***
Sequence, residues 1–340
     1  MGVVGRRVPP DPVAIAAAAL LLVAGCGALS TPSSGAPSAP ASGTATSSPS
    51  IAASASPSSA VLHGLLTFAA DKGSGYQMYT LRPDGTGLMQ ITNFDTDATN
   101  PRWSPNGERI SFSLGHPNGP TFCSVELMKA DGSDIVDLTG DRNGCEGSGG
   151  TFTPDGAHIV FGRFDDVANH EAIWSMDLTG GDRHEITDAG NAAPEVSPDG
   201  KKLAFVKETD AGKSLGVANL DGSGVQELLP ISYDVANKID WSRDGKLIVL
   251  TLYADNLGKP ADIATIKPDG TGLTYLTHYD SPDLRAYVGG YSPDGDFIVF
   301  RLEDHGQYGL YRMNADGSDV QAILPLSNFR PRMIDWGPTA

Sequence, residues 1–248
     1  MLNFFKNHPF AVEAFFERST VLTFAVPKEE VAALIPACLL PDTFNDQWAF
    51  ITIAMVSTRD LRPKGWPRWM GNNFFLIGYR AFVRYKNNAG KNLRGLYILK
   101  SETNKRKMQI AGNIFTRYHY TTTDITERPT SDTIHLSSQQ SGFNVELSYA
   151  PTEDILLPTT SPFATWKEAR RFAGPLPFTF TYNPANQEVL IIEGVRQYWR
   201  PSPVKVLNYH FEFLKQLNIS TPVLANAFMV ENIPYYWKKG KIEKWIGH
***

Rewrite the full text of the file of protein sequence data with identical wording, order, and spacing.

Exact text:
Sequence, residues 1–340
     1  MGVVGRRVPP DPVAIAAAAL LLVAGCGALS TPSSGAPSAP ASGTATSSPS
    51  IAASASPSSA VLHGLLTFAA DKGSGYQMYT LRPDGTGLMQ ITNFDTDATN
   101  PRWSPNGERI SFSLGHPNGP TFCSVELMKA DGSDIVDLTG DRNGCEGSGG
   151  TFTPDGAHIV FGRFDDVANH EAIWSMDLTG GDRHEITDAG NAAPEVSPDG
   201  KKLAFVKETD AGKSLGVANL DGSGVQELLP ISYDVANKID WSRDGKLIVL
   251  TLYADNLGKP ADIATIKPDG TGLTYLTHYD SPDLRAYVGG YSPDGDFIVF
   301  RLEDHGQYGL YRMNADGSDV QAILPLSNFR PRMIDWGPTA

Sequence, residues 1–248
     1  MLNFFKNHPF AVEAFFERST VLTFAVPKEE VAALIPACLL PDTFNDQWAF
    51  ITIAMVSTRD LRPKGWPRWM GNNFFLIGYR AFVRYKNNAG KNLRGLYILK
   101  SETNKRKMQI AGNIFTRYHY TTTDITERPT SDTIHLSSQQ SGFNVELSYA
   151  PTEDILLPTT SPFATWKEAR RFAGPLPFTF TYNPANQEVL IIEGVRQYWR
   201  PSPVKVLNYH FEFLKQLNIS TPVLANAFMV ENIPYYWKKG KIEKWIGH